• 8. Why question? 8  How many times have you given a lecture and found that students hadn’t followed you?  Can you rely on students to ask questions if they don’t understand something?  Can you rely on students to know if they don’t understand something?  What are the benefits of questioning?Credit: Rosie Piller whiteboard
  • 9. The more things change…2000 years agoToday
  • 10. When can we ask questions? 11 BEFORESetting up instruction DURING Motivate Developing knowledge Discover Predict outcome Check knowledge Provoke thinking Application Assess prior knowledge Analysis Evaluation Synthesis AFTER Relate to big picture Exercise skill Assessing Demonstrate success Elicit misconception learning Review or recap Exit poll Credit: Rosie Piller and Ian Beatty.
  • 11. Some methods of asking questions 12  Ask rhetorically  Target the class (how?)  Target someone in particular (in what order?)  Wait and then… (call on whom?)  Answer your own question  Leave the question unanswered Or ask out of class  Blogs  Discussion boards  Homework…Credit: Rosie Piller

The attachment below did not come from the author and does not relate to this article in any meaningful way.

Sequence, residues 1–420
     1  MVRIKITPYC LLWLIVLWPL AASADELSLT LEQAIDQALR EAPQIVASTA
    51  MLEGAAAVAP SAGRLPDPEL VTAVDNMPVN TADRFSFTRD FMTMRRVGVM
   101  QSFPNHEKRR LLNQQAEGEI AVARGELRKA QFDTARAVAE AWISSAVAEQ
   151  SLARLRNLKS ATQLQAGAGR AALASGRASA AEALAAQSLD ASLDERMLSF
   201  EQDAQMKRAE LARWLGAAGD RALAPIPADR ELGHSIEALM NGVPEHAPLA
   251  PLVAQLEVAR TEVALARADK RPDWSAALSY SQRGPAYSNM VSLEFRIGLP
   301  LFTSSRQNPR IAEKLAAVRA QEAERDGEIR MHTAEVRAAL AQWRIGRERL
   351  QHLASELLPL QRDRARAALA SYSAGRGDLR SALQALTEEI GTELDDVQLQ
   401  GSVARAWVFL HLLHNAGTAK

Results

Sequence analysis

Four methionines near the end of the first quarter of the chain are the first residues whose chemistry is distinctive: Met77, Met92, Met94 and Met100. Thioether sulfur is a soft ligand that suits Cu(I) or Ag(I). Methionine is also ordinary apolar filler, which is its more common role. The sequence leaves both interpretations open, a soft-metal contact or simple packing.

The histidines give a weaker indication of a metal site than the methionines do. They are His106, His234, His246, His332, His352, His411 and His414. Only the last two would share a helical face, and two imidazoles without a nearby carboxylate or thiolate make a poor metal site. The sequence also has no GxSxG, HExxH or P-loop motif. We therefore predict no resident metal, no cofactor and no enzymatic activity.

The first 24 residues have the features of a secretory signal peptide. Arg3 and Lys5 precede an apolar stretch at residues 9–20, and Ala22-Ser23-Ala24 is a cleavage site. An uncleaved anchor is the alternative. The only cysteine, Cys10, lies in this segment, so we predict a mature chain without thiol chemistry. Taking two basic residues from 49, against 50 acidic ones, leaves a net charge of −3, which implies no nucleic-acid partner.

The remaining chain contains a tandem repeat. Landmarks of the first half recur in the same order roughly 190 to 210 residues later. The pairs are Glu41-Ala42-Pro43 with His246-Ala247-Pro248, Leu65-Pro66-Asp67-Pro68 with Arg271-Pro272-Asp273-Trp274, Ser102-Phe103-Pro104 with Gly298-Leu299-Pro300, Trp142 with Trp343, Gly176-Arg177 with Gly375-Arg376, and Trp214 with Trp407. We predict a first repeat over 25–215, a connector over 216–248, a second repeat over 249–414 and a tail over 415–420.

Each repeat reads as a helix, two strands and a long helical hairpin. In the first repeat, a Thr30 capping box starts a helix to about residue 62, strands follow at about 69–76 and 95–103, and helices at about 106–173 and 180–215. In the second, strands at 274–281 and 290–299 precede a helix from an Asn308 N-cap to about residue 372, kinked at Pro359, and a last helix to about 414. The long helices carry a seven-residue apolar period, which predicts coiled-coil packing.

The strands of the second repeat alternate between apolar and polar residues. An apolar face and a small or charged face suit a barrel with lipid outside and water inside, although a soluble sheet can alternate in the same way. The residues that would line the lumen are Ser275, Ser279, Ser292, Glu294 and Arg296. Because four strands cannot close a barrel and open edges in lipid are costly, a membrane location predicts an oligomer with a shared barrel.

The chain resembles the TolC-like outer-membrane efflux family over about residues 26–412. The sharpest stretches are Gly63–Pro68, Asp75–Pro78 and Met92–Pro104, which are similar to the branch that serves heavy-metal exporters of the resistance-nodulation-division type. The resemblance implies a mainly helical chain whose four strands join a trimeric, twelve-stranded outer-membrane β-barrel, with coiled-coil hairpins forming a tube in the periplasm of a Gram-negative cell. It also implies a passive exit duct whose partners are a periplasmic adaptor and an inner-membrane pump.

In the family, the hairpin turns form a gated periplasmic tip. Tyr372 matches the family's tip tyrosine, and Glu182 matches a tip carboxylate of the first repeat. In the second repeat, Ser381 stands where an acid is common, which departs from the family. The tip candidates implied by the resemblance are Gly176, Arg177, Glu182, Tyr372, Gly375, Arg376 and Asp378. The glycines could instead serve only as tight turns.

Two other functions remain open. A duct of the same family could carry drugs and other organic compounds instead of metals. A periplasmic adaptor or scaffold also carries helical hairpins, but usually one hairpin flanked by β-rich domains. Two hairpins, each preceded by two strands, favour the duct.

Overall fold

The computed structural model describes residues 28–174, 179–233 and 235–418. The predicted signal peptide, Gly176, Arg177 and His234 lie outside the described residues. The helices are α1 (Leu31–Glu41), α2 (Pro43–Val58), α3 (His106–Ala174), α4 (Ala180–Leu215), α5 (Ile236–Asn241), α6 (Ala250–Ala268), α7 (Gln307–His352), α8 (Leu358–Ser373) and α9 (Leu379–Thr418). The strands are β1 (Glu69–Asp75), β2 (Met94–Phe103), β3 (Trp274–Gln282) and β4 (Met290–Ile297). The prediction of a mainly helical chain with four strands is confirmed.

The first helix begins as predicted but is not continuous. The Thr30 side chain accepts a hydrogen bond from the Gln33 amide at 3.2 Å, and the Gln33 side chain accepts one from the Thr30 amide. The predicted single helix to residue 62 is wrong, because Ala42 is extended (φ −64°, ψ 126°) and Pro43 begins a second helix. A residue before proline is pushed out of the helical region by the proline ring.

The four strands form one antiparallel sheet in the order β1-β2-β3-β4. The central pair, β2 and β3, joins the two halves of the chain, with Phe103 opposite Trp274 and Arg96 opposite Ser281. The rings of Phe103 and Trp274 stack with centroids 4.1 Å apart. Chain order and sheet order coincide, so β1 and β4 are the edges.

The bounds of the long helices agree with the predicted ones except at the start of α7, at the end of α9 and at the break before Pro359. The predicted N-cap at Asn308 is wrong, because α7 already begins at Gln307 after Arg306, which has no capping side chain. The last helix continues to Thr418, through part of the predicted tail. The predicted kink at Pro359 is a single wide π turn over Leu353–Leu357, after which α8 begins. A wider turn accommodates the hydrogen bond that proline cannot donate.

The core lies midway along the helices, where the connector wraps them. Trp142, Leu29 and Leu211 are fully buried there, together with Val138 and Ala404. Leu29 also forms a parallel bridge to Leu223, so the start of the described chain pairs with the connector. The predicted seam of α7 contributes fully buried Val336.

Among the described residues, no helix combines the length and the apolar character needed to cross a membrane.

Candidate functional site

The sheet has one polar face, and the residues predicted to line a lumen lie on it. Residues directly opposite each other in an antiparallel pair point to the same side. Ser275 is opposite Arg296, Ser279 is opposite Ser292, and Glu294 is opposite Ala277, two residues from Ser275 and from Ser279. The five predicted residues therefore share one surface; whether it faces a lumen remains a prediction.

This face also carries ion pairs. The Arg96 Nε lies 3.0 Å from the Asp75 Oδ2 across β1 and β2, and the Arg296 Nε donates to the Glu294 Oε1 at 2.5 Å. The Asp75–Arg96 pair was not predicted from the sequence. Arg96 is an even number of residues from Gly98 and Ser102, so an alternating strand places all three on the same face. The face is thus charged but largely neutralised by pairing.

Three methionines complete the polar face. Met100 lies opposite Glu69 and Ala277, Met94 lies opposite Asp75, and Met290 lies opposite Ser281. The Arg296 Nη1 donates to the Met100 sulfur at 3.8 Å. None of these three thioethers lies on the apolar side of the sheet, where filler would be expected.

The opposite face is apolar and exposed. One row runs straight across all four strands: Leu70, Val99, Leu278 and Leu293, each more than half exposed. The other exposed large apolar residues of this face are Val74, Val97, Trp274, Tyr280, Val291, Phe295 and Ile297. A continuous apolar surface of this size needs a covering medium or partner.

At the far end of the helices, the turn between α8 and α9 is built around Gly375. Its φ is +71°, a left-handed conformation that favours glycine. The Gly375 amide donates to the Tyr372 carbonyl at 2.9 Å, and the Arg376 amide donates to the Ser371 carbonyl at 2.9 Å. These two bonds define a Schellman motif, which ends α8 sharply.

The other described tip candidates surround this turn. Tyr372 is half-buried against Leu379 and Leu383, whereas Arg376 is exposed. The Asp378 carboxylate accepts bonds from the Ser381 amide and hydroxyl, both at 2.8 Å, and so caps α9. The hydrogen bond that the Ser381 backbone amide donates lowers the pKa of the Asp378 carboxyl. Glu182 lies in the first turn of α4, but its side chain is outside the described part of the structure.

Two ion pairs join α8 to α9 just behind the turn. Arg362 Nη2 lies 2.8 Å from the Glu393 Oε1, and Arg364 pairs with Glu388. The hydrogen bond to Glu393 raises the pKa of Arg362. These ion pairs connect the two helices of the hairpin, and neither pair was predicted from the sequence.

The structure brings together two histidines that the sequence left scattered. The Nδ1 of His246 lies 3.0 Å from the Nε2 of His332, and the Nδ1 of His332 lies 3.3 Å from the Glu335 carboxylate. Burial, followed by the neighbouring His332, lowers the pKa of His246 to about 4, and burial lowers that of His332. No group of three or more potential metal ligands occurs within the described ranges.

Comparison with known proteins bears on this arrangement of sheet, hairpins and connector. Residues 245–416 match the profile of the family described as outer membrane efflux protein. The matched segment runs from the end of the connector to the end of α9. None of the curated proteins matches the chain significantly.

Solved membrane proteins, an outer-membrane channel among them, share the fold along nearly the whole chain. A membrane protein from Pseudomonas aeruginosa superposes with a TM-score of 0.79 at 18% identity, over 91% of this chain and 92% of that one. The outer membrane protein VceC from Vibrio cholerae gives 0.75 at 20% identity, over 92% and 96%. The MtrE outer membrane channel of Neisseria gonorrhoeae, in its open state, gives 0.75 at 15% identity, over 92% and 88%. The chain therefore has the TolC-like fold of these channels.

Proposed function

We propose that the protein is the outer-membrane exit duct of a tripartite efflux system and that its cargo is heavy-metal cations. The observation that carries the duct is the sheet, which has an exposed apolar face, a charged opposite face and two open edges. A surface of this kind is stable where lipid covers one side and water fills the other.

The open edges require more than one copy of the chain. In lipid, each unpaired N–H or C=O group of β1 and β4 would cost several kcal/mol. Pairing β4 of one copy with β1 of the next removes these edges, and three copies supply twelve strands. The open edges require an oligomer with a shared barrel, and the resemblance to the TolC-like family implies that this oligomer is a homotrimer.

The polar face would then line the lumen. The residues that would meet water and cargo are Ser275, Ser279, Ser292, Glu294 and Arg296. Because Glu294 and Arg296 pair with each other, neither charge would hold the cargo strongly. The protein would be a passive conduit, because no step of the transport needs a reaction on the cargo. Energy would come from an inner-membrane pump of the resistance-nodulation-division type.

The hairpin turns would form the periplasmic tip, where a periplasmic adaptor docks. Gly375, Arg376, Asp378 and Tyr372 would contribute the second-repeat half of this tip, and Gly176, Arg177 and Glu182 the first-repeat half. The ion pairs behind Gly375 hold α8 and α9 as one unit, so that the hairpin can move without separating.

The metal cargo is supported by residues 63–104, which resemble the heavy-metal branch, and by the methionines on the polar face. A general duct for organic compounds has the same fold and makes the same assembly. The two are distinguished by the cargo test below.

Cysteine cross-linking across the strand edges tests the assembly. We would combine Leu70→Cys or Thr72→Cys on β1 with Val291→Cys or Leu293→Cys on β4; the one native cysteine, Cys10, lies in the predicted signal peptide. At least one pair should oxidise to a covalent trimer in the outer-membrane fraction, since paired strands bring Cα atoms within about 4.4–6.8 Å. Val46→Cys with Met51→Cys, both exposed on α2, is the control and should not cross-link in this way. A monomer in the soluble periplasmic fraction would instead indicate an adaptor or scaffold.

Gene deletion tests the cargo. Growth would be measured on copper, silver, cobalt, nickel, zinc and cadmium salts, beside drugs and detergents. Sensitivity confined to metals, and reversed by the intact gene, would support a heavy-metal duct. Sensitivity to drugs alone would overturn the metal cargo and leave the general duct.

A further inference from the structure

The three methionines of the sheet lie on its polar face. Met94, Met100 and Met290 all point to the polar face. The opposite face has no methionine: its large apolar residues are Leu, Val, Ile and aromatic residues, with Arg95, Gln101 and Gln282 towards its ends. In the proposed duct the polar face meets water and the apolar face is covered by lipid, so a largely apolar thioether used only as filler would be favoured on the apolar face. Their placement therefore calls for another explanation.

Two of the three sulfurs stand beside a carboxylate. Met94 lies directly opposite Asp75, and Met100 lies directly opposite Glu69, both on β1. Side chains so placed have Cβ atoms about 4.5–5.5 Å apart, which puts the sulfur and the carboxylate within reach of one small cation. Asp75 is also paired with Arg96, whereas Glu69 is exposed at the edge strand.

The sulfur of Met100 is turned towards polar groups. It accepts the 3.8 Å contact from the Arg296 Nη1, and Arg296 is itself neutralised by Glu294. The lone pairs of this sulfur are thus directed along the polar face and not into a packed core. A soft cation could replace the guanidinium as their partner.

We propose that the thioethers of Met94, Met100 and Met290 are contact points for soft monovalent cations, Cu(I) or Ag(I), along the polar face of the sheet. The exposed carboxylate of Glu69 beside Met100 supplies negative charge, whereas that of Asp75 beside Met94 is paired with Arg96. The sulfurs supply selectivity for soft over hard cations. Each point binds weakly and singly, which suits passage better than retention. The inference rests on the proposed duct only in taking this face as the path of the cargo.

• 12. Why use clickers to target the class? An outline of Peer Instruction. 13
  • 13. Clickers are a tool for questioning 14 But not a magic bullet!
  • 14. Anatomy of Peer Instruction 15 Ask Question…Lecture… (Maybe vote)Class Discussion Peer Discussion Vote * See also: Peer Instruction, A User’s Manual. E. Mazur.
  • 15. How is a clicker question the same or different?* 16 * From other types of in-class questions Similar in terms of goals Multiple choice Anonymous (to peers) Every student has a voice – the loud ones and the shy ones Forced wait time You can withhold the answer until everyone has had time to think (choose when to show the histogram) What does this tool help us to do?